The situation at the top of League One may have switched decisively this weekend, though. Sheffield United won at Coventry City on Thursday night to move into second place in the table and remain there after Bolton Wanderers surprisingly lost by a goal to nil at struggling Chesterfield. Scunthorpe United, however, recovered from their recent mini-wobble with a three-nil win against Millwall, which keeps them three points clear at the top of the table. The division’s big winners of the day, however, were Wimbledon, who beat Port Vale by four goals to nil at Kingsmeadow to stay in touch with the play-off places at the top of the table.

At the other end of the table, meanwhile, Bury’s plunge down the table saw them enter the relegation positions after Oxford United came from behind twice before eventually beating them by three goals to two at Gigg Lane. This was Bury’s twelfth League One defeat in a row, and this time the win for Oxford was determined by a Greg Leigh own goal twenty minutes from the end of the match. Oxford’s win lifted them to tenth place in the table, but such is the congested nature of the bottom half of League One this season that only nine points separate them from the relegation places. One team that is stirring to ligfe at the bottom of the table, however, is Shrewsbury Town, whose two-nil win against Bristol Rovers marked their third game unbeaten in a row and lifted them to the dizzy heights of fourth from bottom in the table. As Christmas approaches, however, it could still be almost any four from fourteen to drop, come the end of the season.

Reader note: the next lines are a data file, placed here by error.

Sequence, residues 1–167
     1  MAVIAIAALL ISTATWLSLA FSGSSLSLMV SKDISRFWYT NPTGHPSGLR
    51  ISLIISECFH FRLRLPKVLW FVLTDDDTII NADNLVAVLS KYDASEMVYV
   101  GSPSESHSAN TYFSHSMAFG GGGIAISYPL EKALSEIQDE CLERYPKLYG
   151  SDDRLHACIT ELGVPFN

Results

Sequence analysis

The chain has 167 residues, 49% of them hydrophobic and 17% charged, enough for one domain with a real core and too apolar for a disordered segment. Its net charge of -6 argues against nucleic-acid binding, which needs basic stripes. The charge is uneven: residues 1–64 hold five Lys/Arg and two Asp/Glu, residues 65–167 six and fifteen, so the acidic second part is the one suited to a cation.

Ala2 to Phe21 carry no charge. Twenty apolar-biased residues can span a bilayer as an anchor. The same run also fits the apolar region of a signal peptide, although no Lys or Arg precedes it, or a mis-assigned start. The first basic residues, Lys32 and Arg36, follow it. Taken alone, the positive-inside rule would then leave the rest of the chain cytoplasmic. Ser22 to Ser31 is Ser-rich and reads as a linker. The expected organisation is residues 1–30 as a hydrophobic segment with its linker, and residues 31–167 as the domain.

League Two’s automatic promotion places, however, are starting to crystalise a little. Plymouth Argyle, Carlisle United and Doncaster Rovers all won at the weekend without putting in particularly convincing performances, and the gap between third placed Doncaster and fourth placed Portsmouth after Portsmouth, who again haven’t lived up to the pre-season expectations foisted upon them (primarily, it might be reasoned, on the basis of their home attendances) were held to a goalless draw at Fratton Park by Hartlepool United. They’re now joined on thirty-five points by Luton Town, who played through the echoes of Bloomfield Road to beat Blackpool by two goals to nil. Wycombe Wanderers and Cambridge United, winners against Leyton Orient and Crewe Alexandra respectively, make up the other two play-off places.

At the bottom of the table, only two sides could manage a win. Exeter City, who’ve picked their form from the floor recently, made it three wins from their last four matches with a two-nil win against Mansfield Town at St James Park, and Cheltenham Town are now level on points with both Accrington Stanley and Leyton Orient after a a two-one win away to a Morecambe side for whom a bright start to the season must now feel like a very, very long time ago indeed. We’re not quite at the halfway point of the League Two season, and even with Newport County four points adrift at the bottom of the table, it still feels as though there is all to play for in the bottom half of the division. As with the other divisions of the Football League, the Christmas and New Year rush might make things at the top and bottom of the tables a little more clear. On the other hand, though, this is the Football League, so perhaps it won’t.